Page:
How It’s New York: New York is Christmas town in December, what with the tree at Rockefeller Center and the beautiful shop windows on Fifth Avenue (there was a line just to see them in front of Saks last week!). And music is everywhere.

How It’s Irish: Some of these CDs are from Irish artists, and many include traditional carols that are Celtic. And of course, some of these Irish artists live in NYC.

There are new Celtic/Irish and every other kind of Christmas CDs issued every year. It’s beautiful music, so why not?
These are some of my perennial favorites, in no particular order.  And only some: there are some terrific CDs not on this list because I had to stop somewhere, but special mention to Mary Coogan and Liam Tiernan,  who have beautiful Christmas CDs, as well as Moya Brennan and…

These discs sound great in the winter, of course, but I love the sound of them in July when they bring a welcome  breath of sparkly cold (iPod shuffle can sometimes pleasantly surprise you!). 

1.A Winter Talisman  Johnny Cunningham and Susan McKeown with Aidan Brennan
14 tracks, 2001.
This CD is a lovely blend of trad music and poetry, some delivered by the late great fiddler Johnny Cunningham (once of Silly Wizard). Susan McKeown lends her voice to this. There is truly a talismanic, warming feeling about it.
My favorite tracks:
Langóli (Waterford song)
Auld Lang Syne.. you’ll never hear a more straightforward, more satisfying version of Robbie Burns’ song. And when you think it’s over, there’s a pause and then a string repetition. Gorgeous.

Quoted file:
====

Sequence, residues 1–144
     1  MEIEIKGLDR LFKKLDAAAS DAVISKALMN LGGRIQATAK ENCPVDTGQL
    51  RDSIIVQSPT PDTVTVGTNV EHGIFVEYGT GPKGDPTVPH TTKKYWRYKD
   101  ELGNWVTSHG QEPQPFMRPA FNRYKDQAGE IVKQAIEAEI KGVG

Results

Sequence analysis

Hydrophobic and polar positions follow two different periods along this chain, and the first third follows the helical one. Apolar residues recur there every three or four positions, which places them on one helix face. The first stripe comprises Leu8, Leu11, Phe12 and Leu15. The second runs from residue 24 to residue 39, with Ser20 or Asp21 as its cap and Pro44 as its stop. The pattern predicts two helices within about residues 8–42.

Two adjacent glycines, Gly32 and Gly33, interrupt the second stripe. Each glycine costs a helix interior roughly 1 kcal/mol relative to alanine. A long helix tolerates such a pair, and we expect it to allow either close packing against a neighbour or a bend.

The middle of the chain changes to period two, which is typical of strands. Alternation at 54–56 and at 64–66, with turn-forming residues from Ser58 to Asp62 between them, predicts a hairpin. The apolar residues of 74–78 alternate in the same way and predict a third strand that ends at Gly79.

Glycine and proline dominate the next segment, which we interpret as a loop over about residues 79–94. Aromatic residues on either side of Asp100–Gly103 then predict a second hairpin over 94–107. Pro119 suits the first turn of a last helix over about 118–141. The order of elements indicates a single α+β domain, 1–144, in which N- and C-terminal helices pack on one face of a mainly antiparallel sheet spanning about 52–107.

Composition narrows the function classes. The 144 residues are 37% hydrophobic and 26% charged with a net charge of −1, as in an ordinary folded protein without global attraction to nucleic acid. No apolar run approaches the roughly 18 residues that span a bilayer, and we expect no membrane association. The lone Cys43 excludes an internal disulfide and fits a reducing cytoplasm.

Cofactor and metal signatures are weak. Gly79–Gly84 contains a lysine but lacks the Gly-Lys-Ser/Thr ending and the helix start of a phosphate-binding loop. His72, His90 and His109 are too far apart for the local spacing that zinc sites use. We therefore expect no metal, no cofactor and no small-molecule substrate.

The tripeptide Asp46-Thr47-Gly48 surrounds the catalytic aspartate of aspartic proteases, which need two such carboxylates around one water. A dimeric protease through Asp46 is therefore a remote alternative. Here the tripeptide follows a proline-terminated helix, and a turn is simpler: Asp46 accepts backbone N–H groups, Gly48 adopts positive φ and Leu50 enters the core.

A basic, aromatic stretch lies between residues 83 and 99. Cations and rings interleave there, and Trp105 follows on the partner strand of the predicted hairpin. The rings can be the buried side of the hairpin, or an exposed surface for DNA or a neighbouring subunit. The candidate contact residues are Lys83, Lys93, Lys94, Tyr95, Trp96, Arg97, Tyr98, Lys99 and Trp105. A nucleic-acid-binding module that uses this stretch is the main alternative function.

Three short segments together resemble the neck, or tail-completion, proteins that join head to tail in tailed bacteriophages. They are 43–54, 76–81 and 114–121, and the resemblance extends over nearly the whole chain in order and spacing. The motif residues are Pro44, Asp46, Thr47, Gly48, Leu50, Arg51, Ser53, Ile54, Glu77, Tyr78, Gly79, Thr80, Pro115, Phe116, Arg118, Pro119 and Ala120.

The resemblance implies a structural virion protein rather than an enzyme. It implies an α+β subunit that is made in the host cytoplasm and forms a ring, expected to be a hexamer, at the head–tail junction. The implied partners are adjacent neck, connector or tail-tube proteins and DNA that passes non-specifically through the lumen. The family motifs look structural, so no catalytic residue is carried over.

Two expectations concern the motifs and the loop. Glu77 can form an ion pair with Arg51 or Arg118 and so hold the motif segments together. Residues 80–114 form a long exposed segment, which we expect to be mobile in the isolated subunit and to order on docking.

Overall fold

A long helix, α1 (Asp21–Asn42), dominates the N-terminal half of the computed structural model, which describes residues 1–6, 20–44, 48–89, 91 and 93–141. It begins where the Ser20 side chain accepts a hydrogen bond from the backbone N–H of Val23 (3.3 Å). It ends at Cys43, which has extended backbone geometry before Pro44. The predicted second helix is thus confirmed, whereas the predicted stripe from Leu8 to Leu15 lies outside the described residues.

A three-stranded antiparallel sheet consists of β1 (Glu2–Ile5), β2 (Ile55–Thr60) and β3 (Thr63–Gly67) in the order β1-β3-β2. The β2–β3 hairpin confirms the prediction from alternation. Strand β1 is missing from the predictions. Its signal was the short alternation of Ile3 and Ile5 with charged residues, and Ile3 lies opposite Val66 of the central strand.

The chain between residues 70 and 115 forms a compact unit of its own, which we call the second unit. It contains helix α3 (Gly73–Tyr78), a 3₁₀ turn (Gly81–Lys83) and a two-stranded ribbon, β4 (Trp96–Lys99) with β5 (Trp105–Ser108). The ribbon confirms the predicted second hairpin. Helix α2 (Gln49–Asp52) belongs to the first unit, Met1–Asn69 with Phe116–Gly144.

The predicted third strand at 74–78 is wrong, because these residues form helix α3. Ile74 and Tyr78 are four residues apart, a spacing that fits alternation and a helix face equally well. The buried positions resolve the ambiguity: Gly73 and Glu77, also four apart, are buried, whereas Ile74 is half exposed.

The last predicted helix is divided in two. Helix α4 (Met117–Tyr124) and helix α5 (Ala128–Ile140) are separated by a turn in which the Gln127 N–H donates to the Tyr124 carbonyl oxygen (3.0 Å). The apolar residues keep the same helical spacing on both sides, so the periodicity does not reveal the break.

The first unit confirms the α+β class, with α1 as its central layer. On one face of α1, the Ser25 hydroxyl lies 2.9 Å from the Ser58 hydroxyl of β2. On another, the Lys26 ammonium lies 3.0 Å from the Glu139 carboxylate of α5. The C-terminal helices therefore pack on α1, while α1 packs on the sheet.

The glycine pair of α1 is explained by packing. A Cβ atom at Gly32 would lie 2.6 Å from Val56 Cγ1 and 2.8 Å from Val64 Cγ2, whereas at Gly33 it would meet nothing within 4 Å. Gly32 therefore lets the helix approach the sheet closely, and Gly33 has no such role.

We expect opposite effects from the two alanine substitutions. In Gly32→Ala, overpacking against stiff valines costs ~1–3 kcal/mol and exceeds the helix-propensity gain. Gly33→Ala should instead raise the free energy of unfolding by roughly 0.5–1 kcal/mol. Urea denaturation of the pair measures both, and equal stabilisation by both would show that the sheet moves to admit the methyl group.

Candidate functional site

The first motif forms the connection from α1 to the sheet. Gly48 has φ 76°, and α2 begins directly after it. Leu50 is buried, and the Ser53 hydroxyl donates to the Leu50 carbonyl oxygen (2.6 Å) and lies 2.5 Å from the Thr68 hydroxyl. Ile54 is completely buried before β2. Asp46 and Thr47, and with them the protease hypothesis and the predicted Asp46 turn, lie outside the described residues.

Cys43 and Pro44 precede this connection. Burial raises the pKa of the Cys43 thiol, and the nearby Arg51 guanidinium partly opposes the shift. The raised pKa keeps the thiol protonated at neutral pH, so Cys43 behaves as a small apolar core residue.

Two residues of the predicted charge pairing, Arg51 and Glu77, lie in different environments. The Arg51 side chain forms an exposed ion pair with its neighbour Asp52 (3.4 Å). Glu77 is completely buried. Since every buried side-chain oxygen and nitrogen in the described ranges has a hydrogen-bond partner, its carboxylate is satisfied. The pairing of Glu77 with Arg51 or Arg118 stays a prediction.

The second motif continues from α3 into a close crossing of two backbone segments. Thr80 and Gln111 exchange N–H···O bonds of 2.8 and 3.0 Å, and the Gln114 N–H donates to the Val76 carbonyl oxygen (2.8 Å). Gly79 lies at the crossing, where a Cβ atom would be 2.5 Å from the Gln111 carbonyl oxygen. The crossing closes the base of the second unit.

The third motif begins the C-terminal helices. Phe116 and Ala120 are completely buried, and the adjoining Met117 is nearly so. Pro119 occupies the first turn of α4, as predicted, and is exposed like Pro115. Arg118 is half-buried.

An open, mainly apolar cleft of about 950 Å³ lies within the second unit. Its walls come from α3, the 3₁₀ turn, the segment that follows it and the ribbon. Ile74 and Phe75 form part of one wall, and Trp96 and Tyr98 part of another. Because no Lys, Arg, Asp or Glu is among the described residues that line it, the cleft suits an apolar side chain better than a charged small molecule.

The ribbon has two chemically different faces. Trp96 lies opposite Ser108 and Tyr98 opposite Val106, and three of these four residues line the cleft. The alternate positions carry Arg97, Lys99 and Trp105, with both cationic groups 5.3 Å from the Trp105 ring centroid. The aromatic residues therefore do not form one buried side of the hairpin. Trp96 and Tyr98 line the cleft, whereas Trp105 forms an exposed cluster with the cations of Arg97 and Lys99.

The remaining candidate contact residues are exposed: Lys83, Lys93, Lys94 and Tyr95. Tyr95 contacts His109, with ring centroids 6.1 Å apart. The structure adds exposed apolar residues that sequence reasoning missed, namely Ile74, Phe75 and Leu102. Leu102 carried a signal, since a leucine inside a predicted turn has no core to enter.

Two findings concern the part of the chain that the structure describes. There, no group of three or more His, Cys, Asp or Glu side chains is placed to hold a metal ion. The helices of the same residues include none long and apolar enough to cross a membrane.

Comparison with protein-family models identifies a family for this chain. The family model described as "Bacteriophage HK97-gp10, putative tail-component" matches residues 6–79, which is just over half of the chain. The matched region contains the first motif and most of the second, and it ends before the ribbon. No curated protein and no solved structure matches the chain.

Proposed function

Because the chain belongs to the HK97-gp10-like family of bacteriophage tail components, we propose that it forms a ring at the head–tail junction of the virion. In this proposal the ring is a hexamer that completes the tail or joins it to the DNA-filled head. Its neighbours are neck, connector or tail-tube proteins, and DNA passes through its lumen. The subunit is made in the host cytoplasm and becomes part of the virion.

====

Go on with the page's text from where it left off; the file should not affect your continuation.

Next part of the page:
A Christmas Childhood” by Patrick Kavanagh
as read by Johnny. Lovely.

2. All on a Christmas Morning – Celtic Christmas Celebration  Aengus  (consisting of Jimmy Keane and Robbie O’Connell, with special guests including Kathleen Keane, Dennis Cahill, Liz Carroll, Click Horning)
15 tracks, 1987.
Simple, and lovely. My picks:
Three Kings by Robbie O’Connell.You’ll be singing the chorus by the end, too.
Christmas in the Trenches by John McCutcheon, a song about Christmas in WWI and an unexpected truce, and Drive the Cold Winter Away, a trad song sung sweetly by Robbie.

3.The Christmas Revels: In Celebration of the Winter Solstice  dir. by John Langstaff
30 tracks, 1987 (I think).
If you’ve never seen the Revels, you’re so missing out! This festive show includes sword dance, mummers, carols, and all things Christmasy from a mainly English past (although occasionally it is set in other places too). John Langstaff’s bold and commanding voice on the narrative sections as well as on songs gives a flavor of the show.

I love: hearty Wassail Carol
Lord of the Dance, to the tune of Simple Gifts, a rousing story of Jesus as the Lord of the Dance
Nova! Nova!, with bells, a medieval carol that sounds like snow.

4 and 5.  Two from Cherish the Ladies I won’t be without: A Star in the EastA
13 tracks, 2010 and On Christmas Night, 10 tracks, 2004.
So Joyous: A Dash for the Presents/Joy to the World/Parnell’s March and
Rise Up Shepherd and Follow-Joanie Madden sings on that one! Michelle Burke is the vocalist otherwise.

Of On Christmas Night I especially love: The Castle of Dromore (an Irish baby would yawn and say, ‘yes, I’m sleepy’) and The Distressed Soldier/Angels We Have Heard on High/The Fairy Reel. Heidi Talbot is the vocalist.

6. Together for Christmas: A Contemporary Celtic Christmas Collection